Question about illegal move

I’ve just finished this nice game

I have a question:
At move 31, my opponent killed A1 and A2. At move 32, I couldn’t play A2, showed as illegal move. Is this ko? What am I missing?

To prevent any misunderstandings, this is not a dispute of the outcome, I’m only asking to know next time it happens.

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It’s a super-ko. You’re playing with Chinese rules.


Chinese super ko rules prevent repeating board positions. This doesnt happen if you use japanese rules, those would allow the capture at A2.


Why is it a repeated position? Two stones gone in 31, one back in 32. What am I missing?

I honestly don’t get it. I’m not yet very comfortable with rulesets.
Superko sounds like a supervillain. :yum:

You’re trying to repeat the board state that existed after move 29.


New question: how would someone keep track of this in a live game?!

It kind-of barely matters outside of a tournament context, where you’re more likely to have players who are either memorizing their games or keeping a kifu anyway.

In casual play if you miss this you’re not really hurting anything. I usually play Japanese rules anyway, I can’t say I’ve ever worried about “if only a super-ko could have prevented that.”

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It requires a degree of memorization if doing things manually, but by playing on a computer, things are handled automatically.

Long cycles rarely exceed more than 6 moves (triple ko). The common shorter cases are restricted to a set of patterns that one could recognize to realize that the position is repeating.

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Trust me to happen upon that too in the near future. :yum:

Chinese rules (area scoring) dont care about the number of captures, so playing that exact sequence does work as annoying “2-steap ko threat” which doesnt change the score, but techically allows white to play it over and over again wihtout ever finish the game.

Japanes rules use territory scoring which takes the number of captures into account, so under japanese rules white would lose 1 point with each cycle, thus preventing white dragging game forever by just repeating it (since after enough repeats b could just ignore the whole thing and still call it a local win)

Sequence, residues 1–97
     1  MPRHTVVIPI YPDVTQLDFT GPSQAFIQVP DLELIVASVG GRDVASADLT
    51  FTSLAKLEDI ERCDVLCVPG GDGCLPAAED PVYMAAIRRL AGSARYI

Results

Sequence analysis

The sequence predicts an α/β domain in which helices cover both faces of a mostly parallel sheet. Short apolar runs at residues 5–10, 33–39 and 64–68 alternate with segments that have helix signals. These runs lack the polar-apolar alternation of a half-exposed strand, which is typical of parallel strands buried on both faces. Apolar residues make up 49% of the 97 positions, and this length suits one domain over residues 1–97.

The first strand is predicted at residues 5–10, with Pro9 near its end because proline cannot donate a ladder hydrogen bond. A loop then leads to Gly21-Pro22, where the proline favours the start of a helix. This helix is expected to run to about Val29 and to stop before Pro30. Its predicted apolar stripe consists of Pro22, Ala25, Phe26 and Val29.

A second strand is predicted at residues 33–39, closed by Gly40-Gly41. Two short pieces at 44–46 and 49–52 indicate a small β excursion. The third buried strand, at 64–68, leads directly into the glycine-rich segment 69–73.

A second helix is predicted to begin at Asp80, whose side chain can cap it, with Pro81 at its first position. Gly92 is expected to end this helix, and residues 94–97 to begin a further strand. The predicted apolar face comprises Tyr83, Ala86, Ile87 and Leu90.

I confess I don’t pay attention to what rules in playing, shame on me I know. :disappointed:

My question was more about when it does matter, what if it happened during a tournament and everyone missed it (it can happen, people make mistakes), do they dispute the game? Is there gossip on this have ever happened? 19x19 must be much harder to keep track anyway!

I won’t pretend I really, really get it yet, but I understand better now.

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And if this happens in a game played with real board, its the same as with chess. In chess, you can declare a draw if board repeats 3 times, but this is totally up to players to do so.
It does not automatically end the game as a draw unless someone declares it. At tournament play this might mean that players have to start a new game, but that really depends on tournament rules.

Edit: i want to add that EGF tournaments use japanese rules, so i have never been in any tournament that uses chinese rules and i have absolutely no first-hand knowledge what would happen if super-ko rule comes into effect.


But you can at see how this sequence of “w a1, b a3, w a2, b pass” can be repeated over and over again without super-ko rule? (w can play a1 again after b pass)
See how black captures 2 stones where white only captures 1, so under japanese rules this sequence would be +1 point for black. So under jap rules, with enough cycles black could pass instead a3 and allow white to connect (thou b have to play c1 because stones are in atari)

But since chinese area scoring ignores all captures, and only counts the living stones and territories, this whole sequence is ±0 points for both players, because the board does not actually change at all.

Now imagine game being really close and black having only 0.5 point lead after all ‘proper’ moves having been played. If white would decide to start playing this cycle, and if black would not take a3, but instead play c1 and allow white to connect a3, this would mean white gaining 1 point by turning dame into living white stone, while b does not gain anything by turning 1 point of territory into living stone. White would win, so black would always have to take at a3 after w a1 while w could just play the cycle again and again.

For this reason chinese rules have the super-ko rule, it is to prevent that specific situation.


Yes, thank you. I won’t say I won’t make the same mistake again, but I do understand now.